Vanya on 42nd Street

Vanya on 42nd Street
Louis Malle, 1994, 119’

In the early nineties, theater director André Gregory mounted a series of spare, private performances of Anton Chekhov’s Uncle Vanya in a crumbling Manhattan playhouse. This experiment in pure theater would have been lost to time had it not been captured on film by Louis Malle. Vanya on 42nd Street turned out to be Malle’s last film – a tribute to the Chekhov’s devastating work as well as to the creative process itself.


“Both Chekhov and Constantin Stanislavski, who directed Chekhov’s plays at the Moscow Art Theatre, hated the European theater of their time for its fakery and its tendency to showcase stars; they believed in an ensemble ethic, and Chekhov wrote scenes that can be played only with the kind of psychological realism Stanislavski trained his actors to achieve. Though audiences would certainly recognize some of the faces in Vanya on 42nd Street, only Julianne Moore (as Yelena) has had a movie star’s trajectory, and in 1994 she was just beginning to land leading roles. Gregory has a way of working with an ensemble that is strikingly at odds with the quick-pick-up approach of professional theater in the United States; you’d have to travel as far as France’s Théâtre du Soleil to find another company that takes years to cultivate a production. His aim is to permit the actors to peel open the play, layer by layer, and locate the more deeply embedded and surprising elements in their characters.”

Steven Vineberg1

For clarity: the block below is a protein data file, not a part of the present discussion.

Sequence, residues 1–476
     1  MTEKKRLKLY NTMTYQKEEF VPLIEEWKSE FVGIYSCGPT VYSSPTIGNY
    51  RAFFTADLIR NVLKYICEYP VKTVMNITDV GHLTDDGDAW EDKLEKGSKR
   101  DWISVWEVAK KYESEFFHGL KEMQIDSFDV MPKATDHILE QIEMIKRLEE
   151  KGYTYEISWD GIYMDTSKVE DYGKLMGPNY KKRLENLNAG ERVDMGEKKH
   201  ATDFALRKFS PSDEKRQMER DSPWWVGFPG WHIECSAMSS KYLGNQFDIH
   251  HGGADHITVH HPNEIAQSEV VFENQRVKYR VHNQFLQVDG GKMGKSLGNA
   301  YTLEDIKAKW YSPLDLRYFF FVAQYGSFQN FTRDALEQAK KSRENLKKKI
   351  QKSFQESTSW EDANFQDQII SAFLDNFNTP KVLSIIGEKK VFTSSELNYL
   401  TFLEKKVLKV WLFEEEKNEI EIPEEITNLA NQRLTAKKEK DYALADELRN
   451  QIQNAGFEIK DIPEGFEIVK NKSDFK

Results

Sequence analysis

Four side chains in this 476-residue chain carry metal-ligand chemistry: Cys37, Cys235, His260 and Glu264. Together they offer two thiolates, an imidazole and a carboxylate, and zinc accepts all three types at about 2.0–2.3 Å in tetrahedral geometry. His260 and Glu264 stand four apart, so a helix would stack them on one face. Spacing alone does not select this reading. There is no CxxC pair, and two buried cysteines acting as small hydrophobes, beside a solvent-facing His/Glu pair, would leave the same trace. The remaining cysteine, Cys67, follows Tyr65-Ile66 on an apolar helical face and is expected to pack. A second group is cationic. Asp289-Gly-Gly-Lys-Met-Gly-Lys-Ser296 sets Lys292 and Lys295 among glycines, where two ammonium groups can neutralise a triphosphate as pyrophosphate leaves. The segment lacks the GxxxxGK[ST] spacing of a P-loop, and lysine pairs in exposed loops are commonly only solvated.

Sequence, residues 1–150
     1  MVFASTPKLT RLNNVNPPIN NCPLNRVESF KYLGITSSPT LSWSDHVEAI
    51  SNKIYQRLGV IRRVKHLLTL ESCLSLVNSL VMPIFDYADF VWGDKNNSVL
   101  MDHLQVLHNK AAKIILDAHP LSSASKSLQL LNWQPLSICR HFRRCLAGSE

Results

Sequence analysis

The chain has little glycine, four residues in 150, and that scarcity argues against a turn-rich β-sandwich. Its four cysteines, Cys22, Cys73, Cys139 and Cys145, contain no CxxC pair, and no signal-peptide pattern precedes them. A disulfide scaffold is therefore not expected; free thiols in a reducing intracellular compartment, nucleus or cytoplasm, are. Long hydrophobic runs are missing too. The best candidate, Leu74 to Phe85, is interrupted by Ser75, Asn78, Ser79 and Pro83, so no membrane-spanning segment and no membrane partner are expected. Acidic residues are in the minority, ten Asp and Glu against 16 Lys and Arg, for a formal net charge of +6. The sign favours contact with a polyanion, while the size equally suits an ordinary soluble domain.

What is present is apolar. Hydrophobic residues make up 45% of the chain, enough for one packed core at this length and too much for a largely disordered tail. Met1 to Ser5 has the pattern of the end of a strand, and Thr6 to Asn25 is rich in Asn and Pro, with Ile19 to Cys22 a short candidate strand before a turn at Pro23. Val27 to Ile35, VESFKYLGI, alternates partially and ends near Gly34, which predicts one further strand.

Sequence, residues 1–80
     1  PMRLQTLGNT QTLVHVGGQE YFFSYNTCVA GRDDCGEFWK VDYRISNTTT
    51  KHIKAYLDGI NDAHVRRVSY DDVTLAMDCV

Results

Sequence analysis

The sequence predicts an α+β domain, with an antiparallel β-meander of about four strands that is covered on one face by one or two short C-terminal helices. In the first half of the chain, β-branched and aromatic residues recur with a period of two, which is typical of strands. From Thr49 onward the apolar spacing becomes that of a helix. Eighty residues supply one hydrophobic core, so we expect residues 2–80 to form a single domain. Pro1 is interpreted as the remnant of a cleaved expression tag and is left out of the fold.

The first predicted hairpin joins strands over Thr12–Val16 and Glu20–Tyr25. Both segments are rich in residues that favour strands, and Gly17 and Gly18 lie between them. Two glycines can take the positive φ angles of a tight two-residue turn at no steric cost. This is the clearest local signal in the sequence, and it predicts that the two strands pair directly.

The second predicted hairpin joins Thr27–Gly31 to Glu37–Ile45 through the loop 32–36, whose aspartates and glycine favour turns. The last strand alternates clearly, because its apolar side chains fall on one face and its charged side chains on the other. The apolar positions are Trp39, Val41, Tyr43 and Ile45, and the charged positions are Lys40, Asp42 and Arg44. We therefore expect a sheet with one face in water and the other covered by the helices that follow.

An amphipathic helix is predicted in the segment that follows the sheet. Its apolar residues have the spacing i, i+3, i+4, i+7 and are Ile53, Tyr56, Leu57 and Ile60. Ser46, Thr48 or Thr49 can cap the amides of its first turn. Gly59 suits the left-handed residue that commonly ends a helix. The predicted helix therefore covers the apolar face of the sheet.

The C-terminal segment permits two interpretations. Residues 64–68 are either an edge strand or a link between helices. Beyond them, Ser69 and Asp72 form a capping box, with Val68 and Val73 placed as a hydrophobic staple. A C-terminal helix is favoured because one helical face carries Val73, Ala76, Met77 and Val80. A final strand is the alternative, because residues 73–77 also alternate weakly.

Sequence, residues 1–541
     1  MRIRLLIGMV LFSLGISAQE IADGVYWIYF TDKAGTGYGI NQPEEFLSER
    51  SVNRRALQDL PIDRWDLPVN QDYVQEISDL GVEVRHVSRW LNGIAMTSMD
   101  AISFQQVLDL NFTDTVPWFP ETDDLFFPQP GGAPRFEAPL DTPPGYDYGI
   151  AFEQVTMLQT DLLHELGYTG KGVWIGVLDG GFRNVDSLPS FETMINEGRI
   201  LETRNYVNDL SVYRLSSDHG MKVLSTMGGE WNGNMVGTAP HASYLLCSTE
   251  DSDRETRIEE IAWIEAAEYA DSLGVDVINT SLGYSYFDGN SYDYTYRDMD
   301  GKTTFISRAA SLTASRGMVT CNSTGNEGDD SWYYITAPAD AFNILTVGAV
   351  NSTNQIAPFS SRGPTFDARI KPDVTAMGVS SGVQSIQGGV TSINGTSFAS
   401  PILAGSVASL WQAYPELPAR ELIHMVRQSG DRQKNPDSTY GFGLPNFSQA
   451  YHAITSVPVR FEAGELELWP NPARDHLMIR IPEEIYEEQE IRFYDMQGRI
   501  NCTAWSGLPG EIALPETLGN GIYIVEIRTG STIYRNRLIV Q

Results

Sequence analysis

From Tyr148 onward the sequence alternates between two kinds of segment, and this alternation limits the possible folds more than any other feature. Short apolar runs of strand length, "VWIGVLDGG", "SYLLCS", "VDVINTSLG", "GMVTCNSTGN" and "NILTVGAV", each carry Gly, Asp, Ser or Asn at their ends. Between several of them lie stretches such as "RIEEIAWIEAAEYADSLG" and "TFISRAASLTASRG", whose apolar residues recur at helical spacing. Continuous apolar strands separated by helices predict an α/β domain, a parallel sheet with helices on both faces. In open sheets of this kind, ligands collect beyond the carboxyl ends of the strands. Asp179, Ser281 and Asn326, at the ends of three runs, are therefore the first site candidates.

“When Malle decided to direct Vanya on 42nd Street, he was by no means setting out to make a testamentary work, despite his past health concerns; the film is entirely the opposite. True, Chekhov's work is sombre, and portrays a society in decline and the pitiable aging of men; true, Malle himself felt time slipping by and old age creeping up on him. Yet this would be to impose a hasty retrospective reading on a work that, on the contrary, is based on energy, experimentation, enthusiasm and the decades-long desire to make a collaborative work with Gregory and Shawn. Vanya on 42nd Street is indeed Malle's last film, illness having interrupted the other projects being developed by the director, but it is in no way a testament film. The speed with which it was produced, the richness of its friendships and Malle's aesthetic choices make the film a harnessing of human and artistic experience that is far removed from any testamentary statement. [...] Vanya on 42nd Street is not an adaptation of Chekhov, insofar as Malle's ambition was not to adapt Chekhov's text, but rather to present a project happening in the theatre. How does one cinematically write a shared experience in which the set is an isolated space, but one that has to do directly with a collective relationship that is renewed with each performance? The relationship between film and theatre implies two distinct materials, the one being narrative and audiovisual (iconographic and acoustic), the other being the oral and corporeal performance, direct and immediate, of an often complex narration. Doubling the theatrical work with its cinematic formulation necessarily implies discrepancies and variations. Adapting a dramatic work for the cinema is the persistence of a thematic and the variation of a material' (RoparsWillemier 1970: 131) – in other words, a flexible conception of adaptation that is not stuck in a dialectics of faithfulness and betrayal. [...] The cinematic approach involves a reflection on the vacillation of boundaries (theatre, fictional film, documentary film): an erosion of forms. A veritable cinematic reading of theatre, Vanya on 42nd Street shifts the boundaries between genres and examines the place of the director as audience member in a flexible experience that primarily stages the fragile moment of the space of creation.”